Date of Award
M.A. in Psychology
Traditional information processing theories allow little room for unconscious mental activity. However, a large and growing body of research has been performed in the area of information processing without awareness. Research investigating target detection tasks reveals that perception of targets in a high-load task is a multi-stage, or feature integration process. A multi-stage process indicates that some processing may occur before conscious awareness. Research directed at motor indicants of preconscious processing indicates subjects may indeed process information in a visual target search task prior to consciously discovering the target. Experiments which have looked at rythmic motor responses, such as key tapping, during visual search tasks have discovered subtle differences in the motor response between target-present and target-absent conditions. The underlying mechanism for how preconscious processing can interfere with a motor response may be found in the theory of motor programming. Essentially, the execution of one motor program can be hindered by the partial execution of a second motor program under conditions of uncertainty as in a target search task. The present research examined the use of a key tapping response while subjects searched for numerical targets in a high-load visual target search task. None of the direct measures of on-times and off-times showed a significant difference between target-present and target-absent conditions. However, the distribution of differences of rank-ordered measures of on-times and of off-times showed significant asymmetry between target-present and target-absent conditions. Possible explanations for this result are given within the context of motor programming theory. Weaknesses of the current study and suggestions for future research are discussed.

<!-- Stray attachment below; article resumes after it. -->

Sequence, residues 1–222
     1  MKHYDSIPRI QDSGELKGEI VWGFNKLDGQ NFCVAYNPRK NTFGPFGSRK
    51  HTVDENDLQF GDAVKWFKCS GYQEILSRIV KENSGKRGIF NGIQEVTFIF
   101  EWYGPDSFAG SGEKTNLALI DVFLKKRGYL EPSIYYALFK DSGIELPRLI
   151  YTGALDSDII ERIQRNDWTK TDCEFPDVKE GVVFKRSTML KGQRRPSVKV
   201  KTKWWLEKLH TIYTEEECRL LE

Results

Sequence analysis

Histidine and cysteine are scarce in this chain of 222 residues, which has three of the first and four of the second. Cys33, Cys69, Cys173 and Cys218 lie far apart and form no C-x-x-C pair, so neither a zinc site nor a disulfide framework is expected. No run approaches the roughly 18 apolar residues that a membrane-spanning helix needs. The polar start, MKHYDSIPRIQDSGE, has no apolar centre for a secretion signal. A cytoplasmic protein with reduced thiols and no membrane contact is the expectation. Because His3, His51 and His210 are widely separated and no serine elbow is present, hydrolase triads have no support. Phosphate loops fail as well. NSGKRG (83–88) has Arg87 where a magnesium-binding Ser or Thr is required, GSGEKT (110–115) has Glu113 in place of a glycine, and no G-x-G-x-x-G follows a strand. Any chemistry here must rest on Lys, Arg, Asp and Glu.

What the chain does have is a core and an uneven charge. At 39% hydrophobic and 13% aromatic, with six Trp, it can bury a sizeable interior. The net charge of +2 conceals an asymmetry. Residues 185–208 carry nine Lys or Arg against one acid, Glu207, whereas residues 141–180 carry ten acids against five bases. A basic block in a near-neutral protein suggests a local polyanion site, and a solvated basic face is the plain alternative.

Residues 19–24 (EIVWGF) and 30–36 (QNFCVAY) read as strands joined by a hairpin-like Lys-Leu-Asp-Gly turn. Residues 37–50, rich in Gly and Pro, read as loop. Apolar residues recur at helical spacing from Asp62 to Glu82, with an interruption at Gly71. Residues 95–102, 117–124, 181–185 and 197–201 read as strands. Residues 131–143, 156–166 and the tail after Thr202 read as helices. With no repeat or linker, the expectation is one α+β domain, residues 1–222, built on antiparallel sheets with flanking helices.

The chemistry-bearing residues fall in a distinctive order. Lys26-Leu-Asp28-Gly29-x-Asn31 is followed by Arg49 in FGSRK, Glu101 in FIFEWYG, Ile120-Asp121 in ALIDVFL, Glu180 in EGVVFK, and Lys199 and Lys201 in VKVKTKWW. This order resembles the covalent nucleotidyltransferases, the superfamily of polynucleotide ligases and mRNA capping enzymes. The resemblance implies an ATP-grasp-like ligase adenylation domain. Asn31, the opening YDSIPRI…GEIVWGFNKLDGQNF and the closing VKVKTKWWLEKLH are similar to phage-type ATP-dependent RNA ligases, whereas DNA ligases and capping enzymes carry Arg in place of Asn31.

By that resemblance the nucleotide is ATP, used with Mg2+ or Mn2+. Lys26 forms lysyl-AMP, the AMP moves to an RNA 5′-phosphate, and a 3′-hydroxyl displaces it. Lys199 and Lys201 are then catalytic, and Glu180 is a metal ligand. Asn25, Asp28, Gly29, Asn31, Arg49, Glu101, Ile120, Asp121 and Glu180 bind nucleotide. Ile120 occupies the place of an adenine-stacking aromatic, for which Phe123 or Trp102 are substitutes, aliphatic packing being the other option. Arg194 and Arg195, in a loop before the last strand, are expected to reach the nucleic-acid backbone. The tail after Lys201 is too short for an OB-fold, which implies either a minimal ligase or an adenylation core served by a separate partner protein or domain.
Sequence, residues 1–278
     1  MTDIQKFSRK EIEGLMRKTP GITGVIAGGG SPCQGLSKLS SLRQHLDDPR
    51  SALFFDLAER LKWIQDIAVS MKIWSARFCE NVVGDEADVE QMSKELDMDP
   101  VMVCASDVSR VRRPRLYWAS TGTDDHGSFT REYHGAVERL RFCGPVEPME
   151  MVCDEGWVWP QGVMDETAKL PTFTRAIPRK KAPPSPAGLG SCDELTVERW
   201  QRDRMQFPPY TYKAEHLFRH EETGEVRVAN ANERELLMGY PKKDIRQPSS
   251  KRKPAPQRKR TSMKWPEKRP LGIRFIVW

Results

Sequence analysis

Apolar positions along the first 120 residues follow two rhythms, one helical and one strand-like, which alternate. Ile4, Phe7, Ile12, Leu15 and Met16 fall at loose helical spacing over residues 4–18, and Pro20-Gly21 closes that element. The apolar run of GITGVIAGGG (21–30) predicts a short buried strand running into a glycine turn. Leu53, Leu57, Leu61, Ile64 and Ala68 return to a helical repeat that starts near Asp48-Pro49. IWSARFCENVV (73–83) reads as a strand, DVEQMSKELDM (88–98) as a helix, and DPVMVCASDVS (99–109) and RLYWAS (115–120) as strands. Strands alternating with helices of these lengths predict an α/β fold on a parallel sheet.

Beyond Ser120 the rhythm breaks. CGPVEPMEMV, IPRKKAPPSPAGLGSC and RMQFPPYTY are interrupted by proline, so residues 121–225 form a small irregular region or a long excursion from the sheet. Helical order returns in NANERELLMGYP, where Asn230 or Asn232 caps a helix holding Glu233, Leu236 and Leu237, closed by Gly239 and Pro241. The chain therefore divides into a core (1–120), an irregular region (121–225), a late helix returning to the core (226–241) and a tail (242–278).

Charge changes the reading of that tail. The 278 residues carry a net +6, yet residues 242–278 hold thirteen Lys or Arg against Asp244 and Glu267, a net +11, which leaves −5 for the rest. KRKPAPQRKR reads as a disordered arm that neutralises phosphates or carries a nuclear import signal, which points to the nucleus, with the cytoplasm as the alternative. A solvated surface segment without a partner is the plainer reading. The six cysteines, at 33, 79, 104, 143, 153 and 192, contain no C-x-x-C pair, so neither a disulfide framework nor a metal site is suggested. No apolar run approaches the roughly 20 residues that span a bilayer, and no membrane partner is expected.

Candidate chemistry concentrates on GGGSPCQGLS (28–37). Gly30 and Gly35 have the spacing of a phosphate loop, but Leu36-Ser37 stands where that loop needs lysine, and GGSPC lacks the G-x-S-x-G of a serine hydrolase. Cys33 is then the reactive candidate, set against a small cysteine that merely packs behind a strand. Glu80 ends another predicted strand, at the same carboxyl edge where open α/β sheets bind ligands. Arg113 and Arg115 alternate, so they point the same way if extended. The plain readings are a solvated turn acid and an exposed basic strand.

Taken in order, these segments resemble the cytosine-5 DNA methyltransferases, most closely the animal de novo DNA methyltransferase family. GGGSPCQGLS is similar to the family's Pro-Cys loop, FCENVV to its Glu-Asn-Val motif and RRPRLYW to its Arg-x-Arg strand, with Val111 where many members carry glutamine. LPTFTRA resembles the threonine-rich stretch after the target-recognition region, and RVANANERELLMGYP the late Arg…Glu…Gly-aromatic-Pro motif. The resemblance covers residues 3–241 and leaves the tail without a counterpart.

Motor learning, Subliminal perception, Target acquisition, Task analysis
Copyright © 1992, author
Gilstrap, Vance F., "An evaluation of motor-based preconscious detection in a numerical target search task" (1992). Graduate Theses and Dissertations. 2914.